How to Live?

That’s the question my writing students and I are focusing on this semester. I can’t think of a better age to craft a philosophy of life. Most of them are on their own for the first time in their lives. Having to make many, many more decisions by themselves and find their way.

William Irvine, philosophy professor and modern day Stoic, argues you’re likely to waste your life away without a well thought through philosophy of life. Here’s his argument.

You have three choices in how to live. One is “unenlightened hedonism” in which you thoughtlessly seek short-term gratification. Think Faber College, 1962.

A second is “enlightened hedonism” in which you seek to maximize pleasure in the course of your lifetime. People practicing this philosophy of life will spend time discovering, exploring, and ranking sources of pleasure and investigating any untoward side effects they might have. Then they’ll devise strategies for maximizing pleasure.

Regarding hedonism, Irvine writes, “In my research on desire, I discovered nearly unanimous agreement among thoughtful people that we are unlikely to have a good and meaningful life unless we can overcome our insatiability.” He adds, “There was also agreement that one wonderful way to tame our tendency to always want more is to persuade ourselves to want the things we already have.”

But I digress. The third and final choice in how to live is to carefully think through what you most want out of life and then organize your life accordingly. Not the goals you form as you live day-to-day, but one “grand goal in living”. Of the many goals in life you might pursue, which one do you believe to be most valuable?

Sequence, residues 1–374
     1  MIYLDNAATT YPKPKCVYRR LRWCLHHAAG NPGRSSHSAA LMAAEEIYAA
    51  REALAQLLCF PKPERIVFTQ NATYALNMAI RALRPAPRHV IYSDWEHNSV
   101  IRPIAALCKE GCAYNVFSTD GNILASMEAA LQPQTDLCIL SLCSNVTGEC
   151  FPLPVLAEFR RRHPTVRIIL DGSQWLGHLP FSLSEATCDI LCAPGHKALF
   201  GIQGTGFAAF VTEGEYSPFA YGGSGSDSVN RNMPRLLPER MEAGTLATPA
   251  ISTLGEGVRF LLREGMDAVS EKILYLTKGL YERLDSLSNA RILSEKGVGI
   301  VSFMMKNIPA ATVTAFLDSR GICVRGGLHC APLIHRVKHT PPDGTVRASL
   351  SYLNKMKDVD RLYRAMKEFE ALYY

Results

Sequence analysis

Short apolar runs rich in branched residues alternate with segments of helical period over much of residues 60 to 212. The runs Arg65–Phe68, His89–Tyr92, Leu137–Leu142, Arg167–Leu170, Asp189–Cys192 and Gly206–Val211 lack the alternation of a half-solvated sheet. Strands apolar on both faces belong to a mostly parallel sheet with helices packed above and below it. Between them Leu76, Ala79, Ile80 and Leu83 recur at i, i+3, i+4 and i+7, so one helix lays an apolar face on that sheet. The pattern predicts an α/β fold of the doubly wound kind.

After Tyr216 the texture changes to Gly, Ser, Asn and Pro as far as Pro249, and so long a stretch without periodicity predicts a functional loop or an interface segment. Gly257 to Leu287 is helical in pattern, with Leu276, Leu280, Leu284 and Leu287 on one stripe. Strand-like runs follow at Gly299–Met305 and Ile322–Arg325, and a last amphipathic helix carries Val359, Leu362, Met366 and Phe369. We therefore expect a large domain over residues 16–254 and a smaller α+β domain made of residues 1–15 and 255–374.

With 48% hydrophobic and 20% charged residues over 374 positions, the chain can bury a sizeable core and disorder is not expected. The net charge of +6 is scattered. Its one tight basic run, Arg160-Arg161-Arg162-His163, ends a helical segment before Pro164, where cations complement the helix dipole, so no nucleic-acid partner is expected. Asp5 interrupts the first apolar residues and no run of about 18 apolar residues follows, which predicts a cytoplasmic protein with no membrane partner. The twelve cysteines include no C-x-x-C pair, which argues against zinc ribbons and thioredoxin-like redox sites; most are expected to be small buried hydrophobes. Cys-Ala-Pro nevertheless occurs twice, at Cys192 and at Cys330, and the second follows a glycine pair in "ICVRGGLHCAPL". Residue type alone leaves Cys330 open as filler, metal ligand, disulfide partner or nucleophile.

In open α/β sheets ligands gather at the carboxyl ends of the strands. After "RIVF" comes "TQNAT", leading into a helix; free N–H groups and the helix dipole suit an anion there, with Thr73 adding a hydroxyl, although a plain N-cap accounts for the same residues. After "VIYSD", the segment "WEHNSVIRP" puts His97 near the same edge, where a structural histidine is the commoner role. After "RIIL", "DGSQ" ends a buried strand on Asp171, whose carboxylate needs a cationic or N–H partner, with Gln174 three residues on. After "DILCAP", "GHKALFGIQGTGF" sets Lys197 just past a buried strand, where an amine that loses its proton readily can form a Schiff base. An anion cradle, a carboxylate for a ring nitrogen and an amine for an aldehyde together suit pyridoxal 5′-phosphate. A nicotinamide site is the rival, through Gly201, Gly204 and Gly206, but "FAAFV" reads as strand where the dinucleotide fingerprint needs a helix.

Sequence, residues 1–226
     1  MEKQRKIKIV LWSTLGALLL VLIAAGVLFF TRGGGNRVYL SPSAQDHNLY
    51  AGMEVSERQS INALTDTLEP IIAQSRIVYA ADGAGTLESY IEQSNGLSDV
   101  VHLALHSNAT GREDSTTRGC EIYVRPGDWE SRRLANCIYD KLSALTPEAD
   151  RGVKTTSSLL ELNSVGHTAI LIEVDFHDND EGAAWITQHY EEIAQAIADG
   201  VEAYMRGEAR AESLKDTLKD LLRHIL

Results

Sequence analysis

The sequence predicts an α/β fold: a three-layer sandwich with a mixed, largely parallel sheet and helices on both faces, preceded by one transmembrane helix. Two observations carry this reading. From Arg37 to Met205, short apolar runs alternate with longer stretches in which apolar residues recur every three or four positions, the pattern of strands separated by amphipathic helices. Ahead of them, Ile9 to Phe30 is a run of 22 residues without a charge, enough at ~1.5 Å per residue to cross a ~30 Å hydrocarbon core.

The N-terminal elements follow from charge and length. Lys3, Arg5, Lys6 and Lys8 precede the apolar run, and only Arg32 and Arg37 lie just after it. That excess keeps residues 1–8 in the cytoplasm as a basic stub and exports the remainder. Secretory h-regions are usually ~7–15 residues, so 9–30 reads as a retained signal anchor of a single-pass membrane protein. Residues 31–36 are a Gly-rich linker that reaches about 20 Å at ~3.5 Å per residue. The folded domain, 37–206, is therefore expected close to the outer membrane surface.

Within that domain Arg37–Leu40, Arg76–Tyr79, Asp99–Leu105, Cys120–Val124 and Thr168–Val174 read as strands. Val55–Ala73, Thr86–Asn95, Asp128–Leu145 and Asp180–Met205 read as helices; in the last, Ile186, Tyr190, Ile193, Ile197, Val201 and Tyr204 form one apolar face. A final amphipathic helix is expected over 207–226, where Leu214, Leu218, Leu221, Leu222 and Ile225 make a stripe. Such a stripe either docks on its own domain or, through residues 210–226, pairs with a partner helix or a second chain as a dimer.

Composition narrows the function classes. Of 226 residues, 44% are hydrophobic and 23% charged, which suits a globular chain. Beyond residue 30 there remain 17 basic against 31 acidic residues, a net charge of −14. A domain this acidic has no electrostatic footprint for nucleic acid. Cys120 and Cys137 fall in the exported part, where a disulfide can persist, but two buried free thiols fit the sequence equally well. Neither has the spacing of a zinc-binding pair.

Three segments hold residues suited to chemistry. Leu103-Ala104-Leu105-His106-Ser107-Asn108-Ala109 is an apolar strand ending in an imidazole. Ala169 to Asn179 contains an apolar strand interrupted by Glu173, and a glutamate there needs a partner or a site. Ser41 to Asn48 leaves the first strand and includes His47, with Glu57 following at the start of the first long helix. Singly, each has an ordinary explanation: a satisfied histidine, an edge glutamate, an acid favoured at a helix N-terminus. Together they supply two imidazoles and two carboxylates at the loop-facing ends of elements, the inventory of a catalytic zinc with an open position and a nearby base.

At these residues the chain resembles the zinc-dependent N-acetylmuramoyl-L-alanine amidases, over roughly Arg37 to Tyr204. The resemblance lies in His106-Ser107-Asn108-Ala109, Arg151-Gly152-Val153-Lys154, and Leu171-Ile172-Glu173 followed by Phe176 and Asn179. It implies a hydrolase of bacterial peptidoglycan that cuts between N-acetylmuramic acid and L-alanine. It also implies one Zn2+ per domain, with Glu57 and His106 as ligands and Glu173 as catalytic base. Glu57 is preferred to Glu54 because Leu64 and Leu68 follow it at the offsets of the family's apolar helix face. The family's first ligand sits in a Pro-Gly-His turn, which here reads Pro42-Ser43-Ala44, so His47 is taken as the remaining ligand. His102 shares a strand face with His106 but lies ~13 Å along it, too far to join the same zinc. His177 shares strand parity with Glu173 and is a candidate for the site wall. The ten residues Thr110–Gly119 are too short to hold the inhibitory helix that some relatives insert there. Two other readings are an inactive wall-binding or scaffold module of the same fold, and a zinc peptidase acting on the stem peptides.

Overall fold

Most people have trouble naming their grand goal in living because our culture doesn’t encourage thinking about such things. Instead, it provides an endless stream of distractions so they won’t ever have to. To their credit, some people swim against the stream of distractions by journaling, taking digital sabbaticals, enrolling in my writing seminar, and going on silent retreats.

If determining a grand goal of living isn’t challenging enough already, it’s only half the battle. The other half is developing effective strategies for attaining it. These strategies will specify what you must do, as you go about your daily activities, to maximize your chances of gaining the thing in life you take to be of most value.

This is where Irvine says Christian pastors and the ancient Stoics differ. Most Christian pastors, Irvine argues, focus on what people must do to have a good afterlife. Pastors, he says, have far less to say about what people must do to have a good life. That’s why, he notes, it’s tough to distinguish among the religious and non-religious.

For his own philosophy of life, Irvine chose to update Roman Stoicism for modern times. Stoics claim that many of the things we desire—most notably fame and fortune—are not worth pursuing. Instead they developed strategies for achieving tranquility and inner joy by eliminating negative emotions like anger, grief, anxiety, fear, and envy.

Eight years ago, when I was on sabbatical, I took time to write a guiding paragraph that I can’t find anymore in my computer files. I can remember most of it, but it’s okay I misplaced it, because it’s time to update it. And then reference it way more regularly.

If your curious about my philosophy of life, just eavesdrop on me as I live my day-to-day life. Because actions, of course, speak louder than words.